23. The Committee recommends that the State party take the necessary steps to ensure that migration status checks are conducted in a way that does not violate the rights of the persons concerned, particularly the right to integrity of the person. The Committee also recommends that the State party ensure that the procedures used when detaining migrant workers and members of their families who are in an irregular situation, including those who are in transit, are in accordance with articles 16 and 17 of the Convention. The Committee invites the State party to make sure that conditions in temporary migrant holding centres meet international standards.
24. The Committee notes that administrative deportation and expulsion orders can be appealed in the State party by means of the remedies established in the Code of Administrative Litigation Procedure (Act No. 1437 of 2011). It is concerned, however, by the lack of information on the actual exercise of this right by migrant workers and members of their families who are subject to deportation and/or expulsion proceedings. The Committee also reiterates its concern about the fact that no appeal may be lodged when the administrative expulsion order is issued for any of the reasons cited in article 105 of Decree No. 4000 of 2004 or when the Ministry of Foreign Affairs decides to cancel a visa.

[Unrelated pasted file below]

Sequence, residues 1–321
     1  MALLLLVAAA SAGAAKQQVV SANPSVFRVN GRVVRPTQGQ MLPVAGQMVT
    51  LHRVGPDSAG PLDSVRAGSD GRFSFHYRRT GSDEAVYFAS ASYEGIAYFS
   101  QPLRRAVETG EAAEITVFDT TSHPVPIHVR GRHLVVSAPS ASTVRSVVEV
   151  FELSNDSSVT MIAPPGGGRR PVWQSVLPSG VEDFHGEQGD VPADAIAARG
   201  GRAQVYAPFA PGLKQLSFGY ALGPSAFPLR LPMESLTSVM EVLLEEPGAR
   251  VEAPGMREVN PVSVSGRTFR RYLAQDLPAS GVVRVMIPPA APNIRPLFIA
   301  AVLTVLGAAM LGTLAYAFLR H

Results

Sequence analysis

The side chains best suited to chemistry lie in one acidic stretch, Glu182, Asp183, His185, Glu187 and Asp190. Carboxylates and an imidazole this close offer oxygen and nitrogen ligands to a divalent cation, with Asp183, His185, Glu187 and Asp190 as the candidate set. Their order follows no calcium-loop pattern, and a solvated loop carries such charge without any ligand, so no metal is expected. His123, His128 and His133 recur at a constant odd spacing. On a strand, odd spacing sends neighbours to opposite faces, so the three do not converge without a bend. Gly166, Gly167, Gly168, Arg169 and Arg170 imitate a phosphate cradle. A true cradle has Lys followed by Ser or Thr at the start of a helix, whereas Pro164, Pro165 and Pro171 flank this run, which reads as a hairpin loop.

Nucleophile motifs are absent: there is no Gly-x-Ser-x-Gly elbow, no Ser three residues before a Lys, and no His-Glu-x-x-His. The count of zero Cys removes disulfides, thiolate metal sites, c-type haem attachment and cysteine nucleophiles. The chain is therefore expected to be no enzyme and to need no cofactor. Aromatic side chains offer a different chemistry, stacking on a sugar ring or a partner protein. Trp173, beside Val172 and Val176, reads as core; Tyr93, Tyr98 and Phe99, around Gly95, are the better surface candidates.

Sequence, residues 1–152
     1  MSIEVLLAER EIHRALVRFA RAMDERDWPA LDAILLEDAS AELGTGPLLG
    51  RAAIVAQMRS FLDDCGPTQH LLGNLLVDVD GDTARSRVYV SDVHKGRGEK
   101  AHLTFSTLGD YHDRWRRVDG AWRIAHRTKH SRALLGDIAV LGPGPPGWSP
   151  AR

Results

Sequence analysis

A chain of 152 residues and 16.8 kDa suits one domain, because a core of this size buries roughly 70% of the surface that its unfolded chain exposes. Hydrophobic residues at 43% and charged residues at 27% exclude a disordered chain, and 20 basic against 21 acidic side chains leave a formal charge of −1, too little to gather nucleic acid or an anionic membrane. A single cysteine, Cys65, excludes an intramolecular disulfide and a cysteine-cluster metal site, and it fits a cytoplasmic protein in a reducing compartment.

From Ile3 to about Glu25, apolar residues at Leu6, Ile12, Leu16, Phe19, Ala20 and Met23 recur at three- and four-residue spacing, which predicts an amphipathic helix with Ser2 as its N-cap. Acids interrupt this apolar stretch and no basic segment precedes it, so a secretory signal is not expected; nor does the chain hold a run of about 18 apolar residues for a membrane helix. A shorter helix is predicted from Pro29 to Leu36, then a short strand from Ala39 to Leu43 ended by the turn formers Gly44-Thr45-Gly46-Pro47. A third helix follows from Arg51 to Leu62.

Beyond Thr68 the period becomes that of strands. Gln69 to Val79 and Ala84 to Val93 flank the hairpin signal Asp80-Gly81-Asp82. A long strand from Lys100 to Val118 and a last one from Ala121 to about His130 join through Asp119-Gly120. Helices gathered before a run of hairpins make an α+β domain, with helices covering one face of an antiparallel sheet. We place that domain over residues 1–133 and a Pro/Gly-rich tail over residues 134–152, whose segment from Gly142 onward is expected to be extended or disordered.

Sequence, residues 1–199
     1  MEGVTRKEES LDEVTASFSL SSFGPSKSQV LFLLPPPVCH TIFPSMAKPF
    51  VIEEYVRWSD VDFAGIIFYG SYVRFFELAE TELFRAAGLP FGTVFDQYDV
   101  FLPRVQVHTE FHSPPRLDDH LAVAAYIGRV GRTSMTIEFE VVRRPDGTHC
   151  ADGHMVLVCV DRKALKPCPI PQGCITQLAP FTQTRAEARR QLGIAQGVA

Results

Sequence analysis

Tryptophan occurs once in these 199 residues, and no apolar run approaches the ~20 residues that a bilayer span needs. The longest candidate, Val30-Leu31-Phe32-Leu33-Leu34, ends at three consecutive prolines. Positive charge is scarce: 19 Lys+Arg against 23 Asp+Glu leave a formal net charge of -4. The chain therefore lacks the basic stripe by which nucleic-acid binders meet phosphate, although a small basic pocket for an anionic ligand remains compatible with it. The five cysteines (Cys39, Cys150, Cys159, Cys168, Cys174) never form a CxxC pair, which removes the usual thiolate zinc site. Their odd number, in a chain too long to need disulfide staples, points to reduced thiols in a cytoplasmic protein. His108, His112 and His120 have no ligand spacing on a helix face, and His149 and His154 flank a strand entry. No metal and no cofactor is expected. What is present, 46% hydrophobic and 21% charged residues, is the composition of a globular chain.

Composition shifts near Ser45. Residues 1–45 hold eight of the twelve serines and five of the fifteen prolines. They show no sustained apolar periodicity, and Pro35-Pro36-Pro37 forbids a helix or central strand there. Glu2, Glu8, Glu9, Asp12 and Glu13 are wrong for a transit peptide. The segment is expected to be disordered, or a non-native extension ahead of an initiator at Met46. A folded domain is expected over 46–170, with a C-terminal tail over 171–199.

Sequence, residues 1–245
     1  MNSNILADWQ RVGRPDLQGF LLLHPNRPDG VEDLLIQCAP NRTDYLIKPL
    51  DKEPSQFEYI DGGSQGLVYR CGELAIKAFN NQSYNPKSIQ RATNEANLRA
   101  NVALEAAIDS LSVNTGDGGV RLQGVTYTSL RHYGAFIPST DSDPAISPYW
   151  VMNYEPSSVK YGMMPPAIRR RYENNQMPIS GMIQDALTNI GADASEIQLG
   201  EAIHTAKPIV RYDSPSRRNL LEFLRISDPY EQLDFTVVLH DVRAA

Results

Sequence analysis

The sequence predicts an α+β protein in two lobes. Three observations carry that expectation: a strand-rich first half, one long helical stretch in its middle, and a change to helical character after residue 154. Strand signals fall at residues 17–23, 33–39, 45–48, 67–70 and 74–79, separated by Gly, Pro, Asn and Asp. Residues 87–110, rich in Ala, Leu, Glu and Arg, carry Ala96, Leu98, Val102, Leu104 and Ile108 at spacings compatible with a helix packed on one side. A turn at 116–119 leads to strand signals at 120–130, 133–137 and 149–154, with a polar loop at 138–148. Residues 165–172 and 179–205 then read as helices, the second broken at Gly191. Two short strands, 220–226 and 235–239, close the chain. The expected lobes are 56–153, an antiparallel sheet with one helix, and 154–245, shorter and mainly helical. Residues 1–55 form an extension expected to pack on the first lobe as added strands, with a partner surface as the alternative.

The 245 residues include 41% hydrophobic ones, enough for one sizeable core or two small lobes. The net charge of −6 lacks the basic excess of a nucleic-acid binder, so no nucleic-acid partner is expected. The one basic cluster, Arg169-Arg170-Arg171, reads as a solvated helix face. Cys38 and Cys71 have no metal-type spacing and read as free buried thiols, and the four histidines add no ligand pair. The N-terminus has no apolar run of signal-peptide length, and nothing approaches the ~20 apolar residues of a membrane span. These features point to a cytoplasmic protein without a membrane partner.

25. The Committee recommends that the State party take the necessary steps to ensure that migrants who are subject to an administrative deportation or expulsion order are aware of their right to appeal against that order and have the opportunity to do so. The Committee likewise recommends that the State party take the necessary steps to ensure that, in conformity with article 22 of the Convention, all such persons have the right to submit the reasons why they should not be deported or expelled.